Life of Adam and Eve
From Wikipedia, the free encyclopedia.
From Wikipedia, the free encyclopedia.
(Redirected from Pseudepigrapha)
Pseudepigrapha (from the Greek words pseudos = false and epigrapho = write) describes texts whose claimed authorship is unfounded in actuality. The authenticity or value of the work itself, which is a separate question for experienced readers, often becomes sentimentally entangled in association. Yet few Hebrew scholars would insist that the Song of Solomon was written by the king of Israel, or ascribe the Book of Enoch to the prophet Enoch. Few Christian scholars would insist today that the Second Epistle of John was written by the “Beloved Disciple.” Nevertheless, in some cases, especially for books belonging to a religious canon, the question of whether a text is pseudepigraphical elicits sensations of loyalty and can become a matter of heavy dispute: though the inherent value of the text is not called in question, the weight of a revered or even apostolic author lends authority to a text. This is the essential motivation for pseudepigraphy in the first place.
Pseudepigraphy also covers the false ascription of names of authors to works, even to perfectly authentic works that make no such claim within their text. Thus a widely accepted but incorrect attribution of authorship may make a perfectly authentic text pseudepigraphical.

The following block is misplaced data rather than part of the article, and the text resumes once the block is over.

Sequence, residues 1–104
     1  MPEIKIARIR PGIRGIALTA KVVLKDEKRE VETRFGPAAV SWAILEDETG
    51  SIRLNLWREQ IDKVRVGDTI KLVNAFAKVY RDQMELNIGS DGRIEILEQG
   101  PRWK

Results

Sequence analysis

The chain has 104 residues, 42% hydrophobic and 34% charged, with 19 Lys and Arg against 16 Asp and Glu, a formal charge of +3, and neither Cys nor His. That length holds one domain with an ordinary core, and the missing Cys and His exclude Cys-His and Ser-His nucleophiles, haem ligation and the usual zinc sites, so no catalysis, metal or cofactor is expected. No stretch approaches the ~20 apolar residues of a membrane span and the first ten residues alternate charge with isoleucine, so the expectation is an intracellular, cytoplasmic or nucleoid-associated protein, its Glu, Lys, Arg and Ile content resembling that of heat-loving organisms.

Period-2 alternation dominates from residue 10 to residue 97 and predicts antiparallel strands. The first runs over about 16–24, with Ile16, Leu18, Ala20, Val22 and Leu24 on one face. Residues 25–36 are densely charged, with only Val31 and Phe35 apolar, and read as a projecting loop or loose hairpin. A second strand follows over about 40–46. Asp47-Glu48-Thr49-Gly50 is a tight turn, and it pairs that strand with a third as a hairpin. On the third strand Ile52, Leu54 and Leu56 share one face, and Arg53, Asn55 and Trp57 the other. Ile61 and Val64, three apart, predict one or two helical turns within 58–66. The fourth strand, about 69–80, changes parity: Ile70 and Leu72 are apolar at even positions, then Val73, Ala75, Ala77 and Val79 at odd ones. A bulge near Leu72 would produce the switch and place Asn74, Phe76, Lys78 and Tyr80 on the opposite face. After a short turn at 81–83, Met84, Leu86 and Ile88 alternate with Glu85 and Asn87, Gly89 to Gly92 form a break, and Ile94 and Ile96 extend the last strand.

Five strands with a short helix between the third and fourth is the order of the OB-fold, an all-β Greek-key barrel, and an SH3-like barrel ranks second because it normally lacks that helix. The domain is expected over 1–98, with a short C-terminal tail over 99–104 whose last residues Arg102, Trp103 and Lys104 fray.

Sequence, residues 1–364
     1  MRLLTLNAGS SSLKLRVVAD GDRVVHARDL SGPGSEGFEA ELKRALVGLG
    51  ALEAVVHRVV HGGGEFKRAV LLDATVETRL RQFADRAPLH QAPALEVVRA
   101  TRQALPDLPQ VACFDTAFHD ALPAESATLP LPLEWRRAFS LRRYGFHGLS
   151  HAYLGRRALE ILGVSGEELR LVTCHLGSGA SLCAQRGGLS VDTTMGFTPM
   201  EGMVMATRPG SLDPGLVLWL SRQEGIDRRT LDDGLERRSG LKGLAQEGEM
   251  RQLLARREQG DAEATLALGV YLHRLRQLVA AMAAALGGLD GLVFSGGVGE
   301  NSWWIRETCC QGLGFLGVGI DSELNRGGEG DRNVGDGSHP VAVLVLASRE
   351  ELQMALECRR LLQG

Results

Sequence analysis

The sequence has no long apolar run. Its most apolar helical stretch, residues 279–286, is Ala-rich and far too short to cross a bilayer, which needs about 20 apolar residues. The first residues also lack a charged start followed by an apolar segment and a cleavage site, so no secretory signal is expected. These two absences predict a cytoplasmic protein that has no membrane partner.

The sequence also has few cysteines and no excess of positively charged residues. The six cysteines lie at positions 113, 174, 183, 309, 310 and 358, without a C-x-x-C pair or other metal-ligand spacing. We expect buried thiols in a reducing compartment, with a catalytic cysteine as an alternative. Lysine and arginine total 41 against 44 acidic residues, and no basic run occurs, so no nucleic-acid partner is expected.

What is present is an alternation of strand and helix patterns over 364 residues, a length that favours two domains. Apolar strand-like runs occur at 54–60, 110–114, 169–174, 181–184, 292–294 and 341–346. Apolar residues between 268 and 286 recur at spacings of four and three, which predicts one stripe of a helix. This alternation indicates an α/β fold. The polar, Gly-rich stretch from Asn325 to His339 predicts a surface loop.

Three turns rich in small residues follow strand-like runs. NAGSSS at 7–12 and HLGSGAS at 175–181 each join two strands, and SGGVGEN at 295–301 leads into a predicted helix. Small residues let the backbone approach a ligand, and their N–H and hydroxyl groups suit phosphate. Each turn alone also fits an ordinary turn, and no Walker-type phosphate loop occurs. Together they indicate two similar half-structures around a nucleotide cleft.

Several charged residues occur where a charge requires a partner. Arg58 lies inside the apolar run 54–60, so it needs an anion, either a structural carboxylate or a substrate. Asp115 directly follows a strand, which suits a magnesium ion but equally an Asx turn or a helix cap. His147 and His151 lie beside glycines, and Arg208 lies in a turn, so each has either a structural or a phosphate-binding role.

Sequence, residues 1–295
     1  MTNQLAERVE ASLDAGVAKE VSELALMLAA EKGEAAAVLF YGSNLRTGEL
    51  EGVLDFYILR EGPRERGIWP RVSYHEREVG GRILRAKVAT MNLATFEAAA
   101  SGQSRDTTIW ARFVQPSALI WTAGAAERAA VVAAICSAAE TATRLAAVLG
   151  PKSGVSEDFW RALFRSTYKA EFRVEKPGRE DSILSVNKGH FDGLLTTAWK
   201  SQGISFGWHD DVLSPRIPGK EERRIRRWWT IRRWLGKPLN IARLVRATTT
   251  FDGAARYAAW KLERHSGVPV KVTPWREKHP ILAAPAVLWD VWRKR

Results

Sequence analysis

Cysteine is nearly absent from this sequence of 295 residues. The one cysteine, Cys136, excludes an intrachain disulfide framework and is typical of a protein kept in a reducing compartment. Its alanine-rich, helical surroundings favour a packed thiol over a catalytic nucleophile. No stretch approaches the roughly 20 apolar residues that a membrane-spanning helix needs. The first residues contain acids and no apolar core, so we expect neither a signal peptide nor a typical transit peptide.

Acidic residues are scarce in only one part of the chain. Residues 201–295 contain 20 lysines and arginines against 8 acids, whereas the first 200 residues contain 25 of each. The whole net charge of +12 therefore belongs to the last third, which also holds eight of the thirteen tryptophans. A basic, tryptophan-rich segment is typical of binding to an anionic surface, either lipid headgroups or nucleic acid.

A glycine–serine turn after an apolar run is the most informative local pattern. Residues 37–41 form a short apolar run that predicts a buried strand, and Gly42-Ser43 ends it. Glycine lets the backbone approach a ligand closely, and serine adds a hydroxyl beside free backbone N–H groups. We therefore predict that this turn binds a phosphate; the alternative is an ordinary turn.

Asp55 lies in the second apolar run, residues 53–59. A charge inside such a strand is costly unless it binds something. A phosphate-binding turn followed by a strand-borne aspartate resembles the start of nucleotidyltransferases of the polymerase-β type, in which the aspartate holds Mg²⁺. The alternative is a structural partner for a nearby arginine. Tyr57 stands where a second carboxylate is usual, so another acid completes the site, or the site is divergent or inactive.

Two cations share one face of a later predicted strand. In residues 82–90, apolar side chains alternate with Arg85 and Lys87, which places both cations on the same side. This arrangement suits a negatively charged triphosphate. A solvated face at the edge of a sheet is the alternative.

On a related note, a famous name assumed by the author of a work is an allonym.
These at least are the basic and original meanings of the terms.
There have probably been pseudepigrapha almost from the invention of full writing. For example ancient Greek authors often refer to texts which claimed to be by Orpheus or his pupil Musaeus but which attributions were generally disregarded.
In Biblical studies, pseudepigrapha refers particularly to works which purport to be written by individuals mentioned in either the Old and New Testaments or by persons involved in Jewish or Christian religious study or history. These works can also be written about Biblical matters, often in such a way that they appear to be as authoritative as works which have been included in the many versions of the Judeo-Christian scriptures. Eusebius of Caesarea Historia ecclesiae 6,12 indicates this usage dates back at least to Serapion whom he records to have said: But those writings which are falsely inscribed with their name (ta pseudepigraphs), we as experienced persons reject…